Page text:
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I Am the Change: Barack Obama and the Crisis of Liberalism
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I Am the Change: Barack Obama and the Crisis of Liberalism

3.84 of 5 stars 3.84  ·  rating details  ·  37 ratings  ·  7 reviews
Is Barack Obama the savior of liberalism—or the last liberal president? Charles R. Kesler's spirited analysis of Obama's political thought shows that he represents either a new birth of liberalism—or its demise.

Who is Barack Obama? Though many of his own supporters wonder if he really believes in anything, Charles R. Kesler argues that these disappointed liberals don't app
Hardcover, 304 pages
Published September 11th 2012 by Broadside Books
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Roger McFarland
Actually read in December 2012. The following is a summary of notes (or review) written at the time that I am moving to my Goodreads library.

Charles Kesler is the editor of the Claremont Review of Books and a professor of government at Claremont McKenna college. In this 237 page book (excluding footnotes), Kesler examines the roots of modern liberalism and how President Obama is a continuation of the tradition started by Woodrow Wilson. While the book is really a whirlwind tour of 20th century
I found this book fascinating not for its analysis of Obama's political beliefs but for its historical recounting of the formation and development of Progressivism/liberalism.

All histories are narratives fitting known facts which are filtered through the premises and prejudices of the historian, and this one is no different. But even given Kesler's conservative perspective, I found his explication of the synthesis of the Hegelian and Darwinian philosophies as the foundation of the Progressive p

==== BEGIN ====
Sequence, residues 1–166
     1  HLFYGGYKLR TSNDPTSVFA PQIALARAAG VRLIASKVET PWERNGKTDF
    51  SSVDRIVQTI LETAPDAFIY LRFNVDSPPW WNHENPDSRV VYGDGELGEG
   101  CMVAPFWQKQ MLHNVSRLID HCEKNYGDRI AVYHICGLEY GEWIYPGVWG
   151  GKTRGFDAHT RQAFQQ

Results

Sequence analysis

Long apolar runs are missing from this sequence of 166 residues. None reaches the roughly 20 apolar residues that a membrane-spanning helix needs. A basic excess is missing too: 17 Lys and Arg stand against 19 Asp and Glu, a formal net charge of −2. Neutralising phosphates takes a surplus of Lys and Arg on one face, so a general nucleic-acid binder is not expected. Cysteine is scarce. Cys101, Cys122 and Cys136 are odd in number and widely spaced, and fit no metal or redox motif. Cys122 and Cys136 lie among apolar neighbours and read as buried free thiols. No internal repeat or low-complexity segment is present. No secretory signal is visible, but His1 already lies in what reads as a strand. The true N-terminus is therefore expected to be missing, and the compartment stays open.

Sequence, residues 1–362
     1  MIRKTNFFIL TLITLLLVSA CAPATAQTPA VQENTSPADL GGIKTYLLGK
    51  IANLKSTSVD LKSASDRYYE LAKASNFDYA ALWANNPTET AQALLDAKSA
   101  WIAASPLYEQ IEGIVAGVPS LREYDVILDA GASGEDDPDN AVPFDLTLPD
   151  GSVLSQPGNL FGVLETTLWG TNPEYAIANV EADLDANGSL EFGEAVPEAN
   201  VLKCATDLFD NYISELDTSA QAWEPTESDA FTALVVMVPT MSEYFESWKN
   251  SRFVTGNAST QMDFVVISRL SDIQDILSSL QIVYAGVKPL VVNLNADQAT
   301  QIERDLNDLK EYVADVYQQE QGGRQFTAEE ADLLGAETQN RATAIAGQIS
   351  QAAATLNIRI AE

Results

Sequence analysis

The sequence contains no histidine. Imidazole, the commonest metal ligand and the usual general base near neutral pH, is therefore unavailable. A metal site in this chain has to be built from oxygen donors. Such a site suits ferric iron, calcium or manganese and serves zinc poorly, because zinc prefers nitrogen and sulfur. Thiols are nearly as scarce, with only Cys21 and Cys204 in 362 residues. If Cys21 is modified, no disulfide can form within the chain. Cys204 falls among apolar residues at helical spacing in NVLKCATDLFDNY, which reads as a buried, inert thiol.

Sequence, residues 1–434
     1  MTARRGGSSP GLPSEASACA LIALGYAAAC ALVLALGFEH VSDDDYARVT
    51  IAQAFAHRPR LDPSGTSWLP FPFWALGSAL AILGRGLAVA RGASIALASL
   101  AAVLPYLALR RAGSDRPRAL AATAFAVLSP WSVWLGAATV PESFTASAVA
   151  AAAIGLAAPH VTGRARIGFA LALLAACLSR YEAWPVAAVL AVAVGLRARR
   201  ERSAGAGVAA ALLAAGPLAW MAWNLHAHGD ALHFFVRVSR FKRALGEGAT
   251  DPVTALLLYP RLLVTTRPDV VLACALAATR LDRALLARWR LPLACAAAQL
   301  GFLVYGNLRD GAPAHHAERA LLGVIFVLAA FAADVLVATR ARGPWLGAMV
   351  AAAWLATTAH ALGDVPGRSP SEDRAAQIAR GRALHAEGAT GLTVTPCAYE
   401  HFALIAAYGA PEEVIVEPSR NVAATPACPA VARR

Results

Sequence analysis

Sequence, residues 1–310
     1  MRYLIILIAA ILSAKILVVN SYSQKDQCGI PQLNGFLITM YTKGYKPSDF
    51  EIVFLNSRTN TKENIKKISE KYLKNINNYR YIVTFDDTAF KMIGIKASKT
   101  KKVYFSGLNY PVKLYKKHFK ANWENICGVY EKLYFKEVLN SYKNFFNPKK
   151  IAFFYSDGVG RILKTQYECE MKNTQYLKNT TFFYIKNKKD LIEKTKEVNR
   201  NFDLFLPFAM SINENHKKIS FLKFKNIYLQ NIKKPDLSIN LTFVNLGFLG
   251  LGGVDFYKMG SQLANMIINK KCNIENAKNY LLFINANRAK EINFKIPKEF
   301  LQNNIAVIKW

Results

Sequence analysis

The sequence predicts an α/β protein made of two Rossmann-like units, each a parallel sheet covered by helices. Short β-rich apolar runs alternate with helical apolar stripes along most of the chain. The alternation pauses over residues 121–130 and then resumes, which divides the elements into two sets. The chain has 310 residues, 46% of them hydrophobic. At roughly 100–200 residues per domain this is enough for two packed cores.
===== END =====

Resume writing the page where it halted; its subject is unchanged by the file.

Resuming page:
Brant Bishop
I'd rate this 3.75 starts if fractions were available.

This is an interesting philosophical analysis of the commitments underlying Barack Obama's political positions. The method is to trace the historical background and trajectory of progressive ideas and situate Obama in that stream, and to do so by taking important speeches and writings of the key figures of progressivism the book discusses (Woodrow Wilson, to a lesser extent Teddy Roosevelt, Franklin Roosevelt, Lyndon Johnson, to some extent B
John Moorhead
It was an interesting history lesson into the Liberal movement, starting with Lincoln and moving from there. It was a bit dry at times as you go through the history, and had to relearn a lot of names. But the book had a lot of great quotes that I will write down.
Jim Blessing
I picked this up thinking it would be an interesting read. However, quite quickly discovered it was not.
Good book. A complex read in parts.
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Professor Kesler (b. 1956) is professor of Government/Political Science at Claremont McKenna College and Claremont Graduate University, who is editor of the Claremont Review of Books. He is the editor of "Saving the Revolution:The Federalist Papers and the American Founding (1987), "Keeping the Tablets: Readings in American Conservatism (1988)(together with William F. Buckley, Jr.) and "The Federa ...more
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